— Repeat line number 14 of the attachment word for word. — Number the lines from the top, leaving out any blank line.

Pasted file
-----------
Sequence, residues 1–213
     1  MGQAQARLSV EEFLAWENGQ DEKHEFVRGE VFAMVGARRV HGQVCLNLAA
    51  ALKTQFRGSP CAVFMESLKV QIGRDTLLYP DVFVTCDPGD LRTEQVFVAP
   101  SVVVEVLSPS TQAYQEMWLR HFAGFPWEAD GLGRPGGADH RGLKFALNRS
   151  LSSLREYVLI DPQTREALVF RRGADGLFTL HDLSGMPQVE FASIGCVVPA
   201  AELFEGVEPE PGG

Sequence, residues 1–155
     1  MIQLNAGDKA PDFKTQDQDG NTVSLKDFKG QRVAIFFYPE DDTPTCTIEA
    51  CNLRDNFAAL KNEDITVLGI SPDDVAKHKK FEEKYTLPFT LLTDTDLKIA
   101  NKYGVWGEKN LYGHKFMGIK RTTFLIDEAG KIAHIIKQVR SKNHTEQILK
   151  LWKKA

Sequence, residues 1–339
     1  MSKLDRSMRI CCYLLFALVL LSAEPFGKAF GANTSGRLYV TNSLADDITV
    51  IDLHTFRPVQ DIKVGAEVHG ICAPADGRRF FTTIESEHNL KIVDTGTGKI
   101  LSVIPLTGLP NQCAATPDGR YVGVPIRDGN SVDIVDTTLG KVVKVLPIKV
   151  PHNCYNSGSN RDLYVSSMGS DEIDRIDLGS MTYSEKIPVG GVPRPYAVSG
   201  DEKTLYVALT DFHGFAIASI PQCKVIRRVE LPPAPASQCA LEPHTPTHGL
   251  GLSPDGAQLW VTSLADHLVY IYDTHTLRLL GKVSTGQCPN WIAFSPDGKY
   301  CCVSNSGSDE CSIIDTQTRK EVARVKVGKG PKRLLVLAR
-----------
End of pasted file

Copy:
    51  IDLHTFRPVQ DIKVGAEVHG ICAPADGRRF FTTIESEHNL KIVDTGTGKI